Typically, this is where the story ends BUT given that MtS DEMS is focused on continuous improvement, we took fidelity reviews a step further. Along with the report, our team created an implementation plan in collaboration with the HF4Y sites. The implementation plan provided concrete actions that each program could take to meet the recommendations we provided. The plan was focused on short-term, medium-term, and long-term goals. Examples included strategies to increase peer support opportunities, strengthening the program’s ability to work with family and natural supports, and enhancing opportunities for young people to connect with their culture. Our team continues to work with the sites on meeting the goals outlined in the implementation plans.
Mandy Faulkner, project administrator for the Making the Shift project in Ottawa, and Erik Wexler, program manager of WoodGreen Community Service’s Free2Be program, shared their experiences participating in the MtS DEMS fidelity review:
Mandy: The process of our HF4Y fidelity review was unique, as this was one of collaboration. While the program staff worked hard to provide the documentation and narratives required to demonstrate our work within the core principals, the review team worked hard to gain an understanding of our work within our local context and how we operated. The fidelity review supported us in knowing where we were strong and the areas for growth and attention. The collaborative process had fulsome recommendations but also included the implementation plans and feedback loop which proved to be invaluable. This innovative way of including an implementation plan was key for us as it was clear with its recommendations and it provided an actionable road map that made our ability to reach our goals outlined in the recommendations more successful.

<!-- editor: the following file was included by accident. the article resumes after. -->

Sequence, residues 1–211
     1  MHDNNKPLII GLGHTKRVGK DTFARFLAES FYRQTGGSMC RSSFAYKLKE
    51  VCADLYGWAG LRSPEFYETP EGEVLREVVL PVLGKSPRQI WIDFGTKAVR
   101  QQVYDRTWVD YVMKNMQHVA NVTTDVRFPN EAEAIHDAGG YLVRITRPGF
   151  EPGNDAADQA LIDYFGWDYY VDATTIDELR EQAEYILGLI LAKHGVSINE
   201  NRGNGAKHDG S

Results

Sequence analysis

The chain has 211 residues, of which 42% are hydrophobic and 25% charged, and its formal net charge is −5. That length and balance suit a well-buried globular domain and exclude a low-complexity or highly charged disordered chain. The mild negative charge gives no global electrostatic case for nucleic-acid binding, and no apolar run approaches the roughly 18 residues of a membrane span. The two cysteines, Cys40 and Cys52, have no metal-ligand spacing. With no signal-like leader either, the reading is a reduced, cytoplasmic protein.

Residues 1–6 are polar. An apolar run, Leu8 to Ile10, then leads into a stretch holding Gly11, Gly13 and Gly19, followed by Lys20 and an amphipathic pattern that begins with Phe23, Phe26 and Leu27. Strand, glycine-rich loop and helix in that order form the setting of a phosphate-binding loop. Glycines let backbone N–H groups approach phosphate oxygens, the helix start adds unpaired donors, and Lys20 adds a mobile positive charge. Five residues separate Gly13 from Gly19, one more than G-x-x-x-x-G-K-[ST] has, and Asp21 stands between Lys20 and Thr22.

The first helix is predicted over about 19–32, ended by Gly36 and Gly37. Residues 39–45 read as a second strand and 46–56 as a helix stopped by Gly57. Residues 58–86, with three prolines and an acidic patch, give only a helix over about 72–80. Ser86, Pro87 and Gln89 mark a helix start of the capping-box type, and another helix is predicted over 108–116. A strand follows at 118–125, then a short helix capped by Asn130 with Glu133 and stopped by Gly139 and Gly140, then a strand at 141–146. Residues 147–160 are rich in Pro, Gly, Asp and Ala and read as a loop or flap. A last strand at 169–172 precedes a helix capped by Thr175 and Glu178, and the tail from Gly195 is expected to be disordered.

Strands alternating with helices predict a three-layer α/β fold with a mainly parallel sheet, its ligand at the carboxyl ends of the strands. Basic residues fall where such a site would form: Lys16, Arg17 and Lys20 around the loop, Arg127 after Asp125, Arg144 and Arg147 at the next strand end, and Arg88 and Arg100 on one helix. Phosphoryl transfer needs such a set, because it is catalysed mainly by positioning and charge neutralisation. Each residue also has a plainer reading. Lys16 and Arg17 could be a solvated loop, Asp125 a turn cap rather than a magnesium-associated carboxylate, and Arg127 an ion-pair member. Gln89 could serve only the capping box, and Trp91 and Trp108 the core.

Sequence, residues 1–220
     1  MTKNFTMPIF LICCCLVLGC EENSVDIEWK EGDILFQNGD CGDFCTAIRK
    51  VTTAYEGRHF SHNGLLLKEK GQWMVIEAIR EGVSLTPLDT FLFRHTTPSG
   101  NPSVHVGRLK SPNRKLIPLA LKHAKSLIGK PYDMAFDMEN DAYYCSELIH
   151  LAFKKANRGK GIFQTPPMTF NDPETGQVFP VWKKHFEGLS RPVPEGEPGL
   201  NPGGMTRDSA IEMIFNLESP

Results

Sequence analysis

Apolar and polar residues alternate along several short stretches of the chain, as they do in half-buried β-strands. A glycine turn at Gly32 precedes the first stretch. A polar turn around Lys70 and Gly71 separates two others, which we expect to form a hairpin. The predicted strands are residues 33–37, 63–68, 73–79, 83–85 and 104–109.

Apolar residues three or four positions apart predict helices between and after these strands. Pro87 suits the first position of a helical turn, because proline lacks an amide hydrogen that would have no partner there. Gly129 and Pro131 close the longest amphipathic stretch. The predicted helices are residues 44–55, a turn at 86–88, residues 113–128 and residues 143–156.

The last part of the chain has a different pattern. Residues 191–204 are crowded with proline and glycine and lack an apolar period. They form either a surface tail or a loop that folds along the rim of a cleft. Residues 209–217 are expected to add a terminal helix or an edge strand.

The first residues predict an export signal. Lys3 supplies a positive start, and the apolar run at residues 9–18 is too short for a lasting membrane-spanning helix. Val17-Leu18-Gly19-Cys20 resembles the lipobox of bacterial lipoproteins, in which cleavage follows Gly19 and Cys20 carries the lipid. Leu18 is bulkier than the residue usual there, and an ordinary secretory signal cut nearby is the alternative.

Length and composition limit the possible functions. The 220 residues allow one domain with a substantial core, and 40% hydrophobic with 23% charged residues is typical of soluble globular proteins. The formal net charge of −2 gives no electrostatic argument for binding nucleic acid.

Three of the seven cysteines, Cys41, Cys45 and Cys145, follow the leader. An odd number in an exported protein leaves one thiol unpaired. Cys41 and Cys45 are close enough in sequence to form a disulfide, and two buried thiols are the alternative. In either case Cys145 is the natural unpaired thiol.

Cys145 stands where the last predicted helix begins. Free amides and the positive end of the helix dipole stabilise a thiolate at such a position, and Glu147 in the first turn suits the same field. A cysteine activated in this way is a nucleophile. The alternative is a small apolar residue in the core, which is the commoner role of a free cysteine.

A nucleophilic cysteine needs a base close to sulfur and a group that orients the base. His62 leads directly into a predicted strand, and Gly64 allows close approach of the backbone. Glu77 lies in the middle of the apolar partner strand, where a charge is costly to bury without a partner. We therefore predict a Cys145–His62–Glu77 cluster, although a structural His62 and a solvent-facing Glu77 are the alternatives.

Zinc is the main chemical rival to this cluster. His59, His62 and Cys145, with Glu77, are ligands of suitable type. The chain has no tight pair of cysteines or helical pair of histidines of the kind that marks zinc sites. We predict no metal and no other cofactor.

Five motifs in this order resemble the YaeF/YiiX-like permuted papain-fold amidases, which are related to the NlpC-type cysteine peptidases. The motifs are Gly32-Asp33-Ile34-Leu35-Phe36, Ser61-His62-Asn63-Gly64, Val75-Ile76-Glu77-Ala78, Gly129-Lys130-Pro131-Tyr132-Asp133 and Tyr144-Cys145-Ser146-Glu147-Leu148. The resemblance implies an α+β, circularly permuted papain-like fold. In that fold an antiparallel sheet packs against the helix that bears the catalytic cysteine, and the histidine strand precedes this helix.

Erik: The value of the fidelity review has been in its ability to provide an objective measure of the program’s service delivery against the original HF4Y model. Without that ability to reflexively engage with a baseline understanding of the core principles and practices to adhere to them, it can be challenging to know when and under what condition we steered off course and where we should be correcting our path. In this way, the review is proving to be instrumental in establishing that needed chorus of research, policy and practice in community, working together in concert to create better outcomes for young people. It also provides a more precise and accurate knowledge of the reasons why practices in HF4Y are in fact yielding more impact and where they can continue to be improved!
The innovative fidelity review process used in MtS DEMS has been helpful for our program partners and has improved our ability to conduct meaningful fidelity reviews. By introducing the implementation plans, we can be assured that young people are being offered services that meet the high standards of HF4Y. We hope other fidelity review teams can learn from this process.